Elevation: 1525 m
Elevation Gain: 215 m
Prior to being named for a Calgary businessman, Mount Crandell was known as “Great Bear” or “Grizzly Medicine” Mountain to the local Piikani aboriginals. Although the peak’s indigenous name is no longer used, a small overlook at the mountain’s southern end is still named for its supposed resemblance to the muscular shoulder hump of a grizzly bear.
July 16 2016.
GPS Track: Bear's Hump
Waterton National Park has always been a special place for me. Whether it was camping there with my parents and grandparents as a child, or scrambling/camping trips with (my then-girlfriend) Brianne, I’ve always loved the park’s vibrant colors, beautiful trails and laid-back atmosphere. So when it came time to plan baby Mera’s first camping trip, Waterton was a natural choice. Since Waterton is such a great place to spend time with family, Grandma, Grandpa, Nannie, Papa and Auntie all joined us for a weekend of rain, smores, rain, smokies, rain and hiking (in the rain)!
While most of my recent trips to Waterton revolved around ambitious peak-bagging itineraries, the size of this trip’s objectives had to be scaled down commensurately to accommodate the needs of our littlest peak-bagger. The popular Bear’s Hump hike, therefore, seemed like a good option for 9 month-old Mera’s next mountain adventure. This busy little peak (visible in the top right of this photo) is most easily accessed via an excellent trail which leaves from the current (as of 2016) Waterton National Park Visitor Center.
Mommy and Mera enjoy the well-made trail (despite the rain).
Nannie and Papa lead the charge as the trail steepens near the top.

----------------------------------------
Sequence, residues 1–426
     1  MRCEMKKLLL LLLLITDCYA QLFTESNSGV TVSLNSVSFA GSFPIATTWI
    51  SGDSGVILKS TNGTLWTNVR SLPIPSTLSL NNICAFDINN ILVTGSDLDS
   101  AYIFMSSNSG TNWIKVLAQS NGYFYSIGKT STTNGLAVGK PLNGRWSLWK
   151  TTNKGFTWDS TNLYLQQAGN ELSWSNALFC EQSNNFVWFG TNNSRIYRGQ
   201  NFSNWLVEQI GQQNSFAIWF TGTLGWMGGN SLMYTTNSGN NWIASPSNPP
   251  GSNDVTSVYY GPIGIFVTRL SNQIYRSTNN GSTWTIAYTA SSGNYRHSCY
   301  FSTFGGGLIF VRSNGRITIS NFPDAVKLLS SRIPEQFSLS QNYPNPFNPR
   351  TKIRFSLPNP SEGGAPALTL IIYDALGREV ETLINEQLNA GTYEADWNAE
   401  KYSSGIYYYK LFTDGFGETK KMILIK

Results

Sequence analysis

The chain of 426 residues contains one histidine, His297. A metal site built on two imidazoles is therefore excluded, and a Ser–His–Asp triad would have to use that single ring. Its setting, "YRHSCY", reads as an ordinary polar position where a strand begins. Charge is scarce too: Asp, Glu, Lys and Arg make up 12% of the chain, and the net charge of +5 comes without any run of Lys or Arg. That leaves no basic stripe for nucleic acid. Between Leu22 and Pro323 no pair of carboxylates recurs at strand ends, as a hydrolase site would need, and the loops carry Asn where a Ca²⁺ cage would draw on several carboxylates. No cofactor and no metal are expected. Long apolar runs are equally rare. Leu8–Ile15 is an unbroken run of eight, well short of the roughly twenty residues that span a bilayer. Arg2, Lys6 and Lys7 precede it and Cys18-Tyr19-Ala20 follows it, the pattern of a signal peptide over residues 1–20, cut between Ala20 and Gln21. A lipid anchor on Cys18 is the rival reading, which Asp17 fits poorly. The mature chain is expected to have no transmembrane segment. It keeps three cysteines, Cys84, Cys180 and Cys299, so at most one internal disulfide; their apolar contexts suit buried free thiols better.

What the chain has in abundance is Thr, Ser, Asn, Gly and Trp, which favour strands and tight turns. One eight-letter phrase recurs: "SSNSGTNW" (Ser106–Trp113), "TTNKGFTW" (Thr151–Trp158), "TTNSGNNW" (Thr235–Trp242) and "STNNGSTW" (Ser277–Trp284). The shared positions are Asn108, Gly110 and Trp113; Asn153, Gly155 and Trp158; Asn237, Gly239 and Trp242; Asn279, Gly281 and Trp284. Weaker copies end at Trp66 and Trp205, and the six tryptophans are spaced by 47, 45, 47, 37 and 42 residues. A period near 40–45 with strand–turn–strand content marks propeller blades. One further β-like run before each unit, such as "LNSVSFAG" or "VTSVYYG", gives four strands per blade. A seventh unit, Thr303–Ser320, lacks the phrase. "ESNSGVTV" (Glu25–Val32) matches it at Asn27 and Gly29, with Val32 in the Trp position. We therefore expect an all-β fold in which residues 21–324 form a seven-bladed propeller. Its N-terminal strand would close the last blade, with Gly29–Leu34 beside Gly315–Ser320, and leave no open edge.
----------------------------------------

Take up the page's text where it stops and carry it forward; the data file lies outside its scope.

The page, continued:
The Bear’s Hump may not be the highest hike in the park but it more than compensates by being perfectly situated to yield a beautiful panorama of Waterton’s Middle (left) and Upper (right) Lakes. Click to see larger.
A closer look at the famous Prince of Wales Hotel atop the shallow channel which separates the lakes from one another.
Papa and Nannie pose high above the quaint Waterton townsite as clouds swirl about the summit of Vimy Peak across the lake.
Grandma soaks in the panorama as the clouds begin to lift over Bertha Peak (center right) and Buchanan Peak (right). Click to see larger.
Another baby peak for baby Mera!
Summit wildlife – based on the popularity of this hike (even on a rainy day), you’re much more likely to run into one of these guys than a bear here!
Waterton 2016 family photo.
The clouds suddenly part, revealing Mount Crandell’s “Bear’s Hump” (left) and “Tick Ridge” (right) ascent routes.
After enjoying an overcast summit stay, we made our way back down as lunchtime beer and burgers at the Prince of Wales Hotel were beckoning!
The stroll down through lush forest proved that trails here need not be above tree line to be spectacular! As the Bear’s Hump proves, when it comes to humps, bigger isn’t always better!